# Solving Absolute Value Equations

By Kathleen Knowles, 30 Sep 2020

Absolute value for most of us is a brief unit in math, and we hardly touch it again. However, if you need a refresher course or are diving into more complicated absolute value equations, allow us to help you!

To find absolute zero, count how far away a number is from zero on a number line. Both 6 and -6 are six units away from zero. You can represent this distance using the symbol │*x*│. So, when you're writing absolute value for 6 and -6, it would look like this: │6│= 6 and │-6│ = 6.

## Make it Opposite

Absolute value is never a negative number. It is always positive. The absolute value bars tell us that we do not want a negative number as a solution.

Let's take │6│= 6 again, but turn it to │-6│= x. What is the absolute value of -6? Already we know that it's six, but let's explore why.

If the number in the absolute value bars is greater than 0 or is 0, then you do not have to do anything to the solution. If the number in the absolute value bar is less than zero, then you use "-x" to flip the solution into a positive.

│-6│= -x

But wait, we can't have a negative number as a solution. Multiply both sides by -x.

-(-6) = x

│6│= 6

## Why Use Absolute Values

Perhaps the most common need for using absolute value is considering distance differences. If two cars driving on an interstate highway are 30 miles apart, and one just passed mile marker 70, where is the other? Since we don't know if the one at 70 is leading or not, the other is either at 40 or 100.

In reverse, if you know Car *A* is at mile marker 70 and Car B is at 40, easy math of *A* – *B* tells us they are 30 miles apart. Unfortunately, subtracting *A* – *B* does not always work. If someone tells you that *B* is at 70 and *A* is at 40, then *A *– *B* = -30. Of course, the distance between them cannot be -30.

The absolute value function eliminates the need to know which is larger.

The symbolic relation should be │*A – B*│, or you can use │*B - A*│. Both will give you a positive 30.

This is necessary for situations where you cannot use negative values, like square roots. For example, √(B – A) in the first illustration will give you √(-30), which is not a real number. To write it properly, you would use the absolute value:

√(│B – A│)

## Absolute Values in Equations

### Basic Equations

The most simple absolute value equation is one that asks you to solve for one number.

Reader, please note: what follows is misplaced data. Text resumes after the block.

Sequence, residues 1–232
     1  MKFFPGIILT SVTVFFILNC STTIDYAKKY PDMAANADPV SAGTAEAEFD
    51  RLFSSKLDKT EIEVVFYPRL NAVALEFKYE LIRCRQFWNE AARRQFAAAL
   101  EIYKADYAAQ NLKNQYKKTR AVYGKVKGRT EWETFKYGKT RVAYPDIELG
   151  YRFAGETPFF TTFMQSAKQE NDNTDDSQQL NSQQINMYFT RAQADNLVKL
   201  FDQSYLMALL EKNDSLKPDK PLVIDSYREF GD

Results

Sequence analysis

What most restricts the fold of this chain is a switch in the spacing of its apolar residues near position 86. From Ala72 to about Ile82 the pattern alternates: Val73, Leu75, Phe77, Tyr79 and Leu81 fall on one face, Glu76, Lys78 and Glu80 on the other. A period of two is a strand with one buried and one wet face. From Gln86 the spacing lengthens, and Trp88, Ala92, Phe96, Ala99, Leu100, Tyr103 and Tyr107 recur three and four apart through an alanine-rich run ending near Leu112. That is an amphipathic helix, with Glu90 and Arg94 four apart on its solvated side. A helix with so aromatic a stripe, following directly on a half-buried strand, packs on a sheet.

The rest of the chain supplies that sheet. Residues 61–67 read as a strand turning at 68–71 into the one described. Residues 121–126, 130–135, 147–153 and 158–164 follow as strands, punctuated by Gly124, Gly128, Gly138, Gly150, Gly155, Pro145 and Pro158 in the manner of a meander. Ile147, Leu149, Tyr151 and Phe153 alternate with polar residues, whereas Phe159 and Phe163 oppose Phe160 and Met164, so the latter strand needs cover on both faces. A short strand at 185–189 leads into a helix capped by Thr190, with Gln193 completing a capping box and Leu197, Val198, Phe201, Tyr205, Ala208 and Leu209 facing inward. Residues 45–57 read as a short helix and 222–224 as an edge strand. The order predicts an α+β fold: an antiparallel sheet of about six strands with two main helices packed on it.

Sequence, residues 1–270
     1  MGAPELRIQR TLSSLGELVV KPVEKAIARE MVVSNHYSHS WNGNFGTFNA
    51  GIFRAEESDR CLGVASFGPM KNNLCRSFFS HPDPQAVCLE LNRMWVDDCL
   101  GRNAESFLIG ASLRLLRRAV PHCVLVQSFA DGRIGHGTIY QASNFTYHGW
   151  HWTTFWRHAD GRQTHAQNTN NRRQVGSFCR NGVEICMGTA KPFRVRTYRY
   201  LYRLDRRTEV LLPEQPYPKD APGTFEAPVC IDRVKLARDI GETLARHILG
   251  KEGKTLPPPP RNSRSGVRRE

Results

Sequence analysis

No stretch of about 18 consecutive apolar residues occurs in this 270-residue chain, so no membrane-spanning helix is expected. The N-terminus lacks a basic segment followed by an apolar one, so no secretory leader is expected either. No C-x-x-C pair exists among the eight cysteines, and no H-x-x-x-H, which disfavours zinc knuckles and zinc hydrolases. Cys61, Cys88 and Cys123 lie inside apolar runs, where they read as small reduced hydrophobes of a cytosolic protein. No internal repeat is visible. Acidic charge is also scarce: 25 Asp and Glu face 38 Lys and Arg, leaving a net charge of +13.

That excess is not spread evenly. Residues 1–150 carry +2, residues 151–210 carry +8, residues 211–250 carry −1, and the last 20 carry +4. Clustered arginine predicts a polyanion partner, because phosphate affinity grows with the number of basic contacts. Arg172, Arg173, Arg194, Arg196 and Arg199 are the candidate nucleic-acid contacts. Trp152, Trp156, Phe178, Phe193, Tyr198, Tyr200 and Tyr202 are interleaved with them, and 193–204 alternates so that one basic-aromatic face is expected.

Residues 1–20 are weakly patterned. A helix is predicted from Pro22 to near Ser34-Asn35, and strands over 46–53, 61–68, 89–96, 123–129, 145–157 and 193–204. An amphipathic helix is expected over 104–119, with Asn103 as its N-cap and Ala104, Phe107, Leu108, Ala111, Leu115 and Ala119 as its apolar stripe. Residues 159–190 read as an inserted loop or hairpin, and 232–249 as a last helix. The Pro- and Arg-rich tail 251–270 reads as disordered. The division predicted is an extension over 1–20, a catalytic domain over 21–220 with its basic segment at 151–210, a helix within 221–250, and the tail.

│x│ = 6.

What value can you substitute for x to get 6? There are two solutions: x = -6 and x = 6. You express this solution in brackets: {-6, 6}.

Now consider │x + 1│ = 6.

Again the operation inside the absolute value bars must equal -6 or 6. To solve two separate equations.

x + 1 = 6 and x + 1 = -6

x = 5 x = -7 The solution set is {-7, 5}

### A Little More Complication

│3x + 5│ = 6. What’s inside the absolute value bars must equal -6 or 6. Break this up into two equations and solve.

3x + 5 = 6 and 3x + 5 = -6

x = 1/3 x = -11/3

The solution set is {-11/3, 1/3}

**Check**

│3(1/3) + 5│ = │1 + 5│ = 6 *checks*

and

│3(-11/3) + 5│ = │-11 + 5│ = 6 * checks*

### Isolate the Absolute Value

4│2x - 3│ = 12

Here you must first isolate the absolute value by dividing both sides by 4.

│2x - 3│ = 3

Then set up two separate equations.

(2x – 3) = 3 and (2x – 3) = -3

x = 3 x = 0

**Check **

4│2(3) - 3│ = 4│3│ = 12 *checks*

and

4│2(0) - 3│ = 4│- 3│ = 12 *checks*

### How Many Solutions?

For these examples the solution set had two values. However, consider these next two examples.

│x + 1│ = 0

Zero is neither positive nor negative. The only solution is x + 1 = 0 and x = -1. The solution set is {-1}.

│x + 1│ = -3

The left side has to be positive but the right side is negative. There is no number whose absolute value is -3. There is no solution. The solution set is { } or ꬾ (empty set).

### Variable on Both Sides

│2x + 5│ = 11 – x

Set up two separate equations. For the second equation, you must negate the entire left side.

2x + 5 = 11 – x and 2x + 5 = -(11 – x)

x = 2 x = -16

**Check **

│2(2) + 5│ =? 11 – (2) and │2(-16) + 5│ =? -(11 – x)

│4 + 5│ =? 11 - 2 │-32 + 5│ =? -(11 – (-16))

│9│ = 9 *checks*

│-27│ = -(27) Left side is positive, but the right side is negative. *It does not check.*

Even though the algebra is right, one of the proposed solutions is not correct. The solution set is {2}.

### Extraneous Solutions

Absolute values force results of operations to be positive that otherwise may be negative. This means you must absolutely check your work. Sometimes your solution works; sometimes, one does but not the other; sometimes, neither works.

## Summary

Solving absolute value equations is easy, but it can get tricky if you're faced with an equation that uses more than one value. Keep the following tips in mind:

- Use algebra to isolate the absolute value, so it is the only thing on the right side of the equation.
- Write two separate equations, the first being the original equation without the absolute value bars. For the second equation, change the signs on the right side to their opposite.
- Solve each equation separately.
- Check results by substituting values back into the original equation. One or both of the values may be extraneous and should not be included in the solution.

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